Social media can sometimes be powerful if you use it properly, a video started trending when Sedona Prince a 20 year old basketball player posted about the NCAA sexism. She compared her weight room to that of the men’s weight room in a video which was posted on TikTok on Thursday 18 March.
Sedona Prince' TikTok video shows lack of equipment in women's weight room
She started her video with;
“I got something to show ya’ll,” she said before explaining: “So for the NCAA march madness, the biggest tournament in college basketball for women, this is our weight room.”
Then, she showed a small stack of weights before saying “let me show ya’ll the men’s weight room” and showed a huge selection of different equipment.
“Now when pictures of our weight room got released vs the mens, the NCAA came out with a statement saying that is wasn’t money, it was space that was the problem,” she continued, except she then showed a huge practice court room that can be filled with the weights.
She finished the video with;
“if you aren’t upset about this problem then you are a part of it” and captioned the video: “It’s 2021 and we are still fighting for bits and pieces of equality.”
Twitter reacts asking NCAA to provide the women with equipment
The video was seen by millions and counting. Even Stephen Curry reposted the video on Twitter with the caption;
“wow-come on now! @marchmadness @NCAA yall trippin trippin.”
Seems like his tweet along with everyone else’s had an impact. She later post another video on TikTok which was shared with a room full of equipment.
A new TikTok shows Sedona Prince gets a new weight room
“Guess what guys we got a weight room” she says.
“We got a ton more dumbbells” she says while showing the equipment, “look at all these racks for squats” and “bunch of bands”.
She ends the video by the thanking the NCAA for listening to them.
Last year the US women's soccer team complained about gender discrimination
This isn’t the first time gender discrimination has been an issue in the sports industry. In 2019, all 28 players on the US women’s soccer team filed a gender discrimination lawsuit.
The players have said that they play more games than the men’s team — and win more of them — yet still receive less pay. They said “institutionalized gender discrimination” affected not only their paychecks, but also where they played and how often, how they trained, the medical care and coaching they received, and even how they traveled to matches.
In 1960s women were told they could not compete in the long distance running because its damaging to their health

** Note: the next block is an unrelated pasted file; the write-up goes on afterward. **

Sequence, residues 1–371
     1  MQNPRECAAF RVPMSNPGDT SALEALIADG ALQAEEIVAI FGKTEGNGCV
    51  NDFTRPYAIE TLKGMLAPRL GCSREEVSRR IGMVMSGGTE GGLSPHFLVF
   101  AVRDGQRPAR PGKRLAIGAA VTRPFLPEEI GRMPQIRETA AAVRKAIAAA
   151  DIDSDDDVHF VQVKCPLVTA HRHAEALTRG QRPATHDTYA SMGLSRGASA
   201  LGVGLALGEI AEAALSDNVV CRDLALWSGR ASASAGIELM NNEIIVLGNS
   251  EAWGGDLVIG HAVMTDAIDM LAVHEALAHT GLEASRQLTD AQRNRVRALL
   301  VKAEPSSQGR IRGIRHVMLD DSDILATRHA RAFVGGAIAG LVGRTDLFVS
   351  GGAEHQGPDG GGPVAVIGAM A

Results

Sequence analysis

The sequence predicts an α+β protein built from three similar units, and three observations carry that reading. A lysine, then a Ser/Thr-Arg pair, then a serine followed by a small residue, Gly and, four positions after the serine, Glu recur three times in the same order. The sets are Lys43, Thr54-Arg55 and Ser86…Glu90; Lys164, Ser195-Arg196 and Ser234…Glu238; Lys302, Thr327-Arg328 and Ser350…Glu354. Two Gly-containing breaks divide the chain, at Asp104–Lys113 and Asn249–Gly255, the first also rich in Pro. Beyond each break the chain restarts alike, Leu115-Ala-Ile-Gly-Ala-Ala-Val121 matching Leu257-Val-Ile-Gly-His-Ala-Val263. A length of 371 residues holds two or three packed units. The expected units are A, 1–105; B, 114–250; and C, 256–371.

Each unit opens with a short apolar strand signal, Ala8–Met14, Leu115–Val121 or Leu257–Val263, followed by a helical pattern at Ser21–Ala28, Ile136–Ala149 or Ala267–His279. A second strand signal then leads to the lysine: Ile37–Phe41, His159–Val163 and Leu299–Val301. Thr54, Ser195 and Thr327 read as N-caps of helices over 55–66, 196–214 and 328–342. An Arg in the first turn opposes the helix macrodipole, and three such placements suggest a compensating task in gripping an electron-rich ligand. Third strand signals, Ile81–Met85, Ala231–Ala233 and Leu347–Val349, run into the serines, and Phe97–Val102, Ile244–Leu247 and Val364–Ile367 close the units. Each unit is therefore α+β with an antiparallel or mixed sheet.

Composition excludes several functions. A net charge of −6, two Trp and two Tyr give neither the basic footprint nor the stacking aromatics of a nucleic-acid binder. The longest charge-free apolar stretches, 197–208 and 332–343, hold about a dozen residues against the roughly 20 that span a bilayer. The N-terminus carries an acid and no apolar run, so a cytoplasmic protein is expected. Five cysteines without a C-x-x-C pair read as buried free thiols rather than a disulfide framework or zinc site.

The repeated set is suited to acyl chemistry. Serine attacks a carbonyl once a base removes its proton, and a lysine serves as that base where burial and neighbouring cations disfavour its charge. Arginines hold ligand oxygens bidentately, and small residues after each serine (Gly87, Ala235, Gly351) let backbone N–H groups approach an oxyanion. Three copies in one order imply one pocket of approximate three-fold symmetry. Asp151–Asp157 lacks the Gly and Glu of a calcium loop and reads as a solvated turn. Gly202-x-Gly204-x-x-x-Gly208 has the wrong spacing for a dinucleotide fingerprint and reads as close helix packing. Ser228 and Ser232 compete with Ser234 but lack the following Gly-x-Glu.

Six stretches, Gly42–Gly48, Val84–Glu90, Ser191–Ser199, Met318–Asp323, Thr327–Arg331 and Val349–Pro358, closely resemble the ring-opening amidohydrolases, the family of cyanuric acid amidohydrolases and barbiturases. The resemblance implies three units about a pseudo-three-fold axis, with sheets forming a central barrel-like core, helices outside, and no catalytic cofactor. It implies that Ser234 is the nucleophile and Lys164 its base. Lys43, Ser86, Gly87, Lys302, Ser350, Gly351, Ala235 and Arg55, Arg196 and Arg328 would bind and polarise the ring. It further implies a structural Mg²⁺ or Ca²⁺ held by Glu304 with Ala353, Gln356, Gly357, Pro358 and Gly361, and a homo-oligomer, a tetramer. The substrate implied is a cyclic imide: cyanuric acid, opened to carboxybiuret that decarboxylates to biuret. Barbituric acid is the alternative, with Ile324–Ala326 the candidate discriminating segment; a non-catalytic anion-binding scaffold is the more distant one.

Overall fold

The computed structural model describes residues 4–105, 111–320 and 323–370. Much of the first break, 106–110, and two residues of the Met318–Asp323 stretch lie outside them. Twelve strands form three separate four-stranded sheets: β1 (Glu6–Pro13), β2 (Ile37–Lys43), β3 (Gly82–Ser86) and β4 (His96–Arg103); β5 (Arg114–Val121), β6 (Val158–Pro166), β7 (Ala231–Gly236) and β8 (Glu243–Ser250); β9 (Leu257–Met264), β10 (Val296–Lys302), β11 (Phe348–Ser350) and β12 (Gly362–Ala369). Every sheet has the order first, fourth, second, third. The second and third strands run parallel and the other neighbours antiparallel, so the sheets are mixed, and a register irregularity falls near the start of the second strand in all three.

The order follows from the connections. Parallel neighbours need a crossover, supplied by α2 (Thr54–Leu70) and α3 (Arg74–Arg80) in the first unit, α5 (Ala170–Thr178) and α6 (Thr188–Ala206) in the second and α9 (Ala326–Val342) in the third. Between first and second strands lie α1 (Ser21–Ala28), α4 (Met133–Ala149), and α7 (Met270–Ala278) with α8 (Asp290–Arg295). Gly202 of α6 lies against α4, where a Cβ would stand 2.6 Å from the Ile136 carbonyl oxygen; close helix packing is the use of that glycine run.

Historically women not being allowed to take part in sports has primarily been due to some thinking that it could be damaging to their health. In the 1960s women were not allowed to take part in distance running. So Katherine Switzer entered the Boston Marathon as “KV Switzer” to hide her gender, two miles in and she was ejected from her course but she finished the race anyway.
She later went on to say,
“We learned that women are not deficient in endurance and stamina, and that running requires no fancy facilities or equipment,” in the new York times in 2007.
In 1967 women's rowing team had to strip to get locker rooms
Media has also been used by many in the past to raise awareness. In 1976 Chris Ernst an Olympic rower was sick of nor having proper showers to use after practice. So she and her female team members stripped to their waists, revealing the words “Title IX,” which had been drawn in blue marker on each woman’s back and breasts.
The Times ran an article in the next day’s paper, and a photograph of the history-making event also ran in The Yale Daily News.
Within two weeks the female rowers had new locker rooms.
Venus Williams had to fight for equal pay in 2007
It has taken years for female athlethes to fight for what they believe is right, Venus Williams fought for equal pay and it wasn’t until 2007 when policies changed to have an impact.
In 2017 the women's hockey team had to threaten to boycott the game for equal pay
In 2017, women’s hockey team had to announce that they will boycott the coming world championship if U.S.A. Hockey, the sport’s national governing body, did not increase the women’s wages. Thankfully it paid off.
The sports industry is a long way off equality
In basketball the pay disparaties have been an ongoing debate for years and social media is becoming an increasingly important part of raising awareness and making change. Where women waited years to be heard this can happen more quickly with social media but the fight is not yet over. Tell us what you think.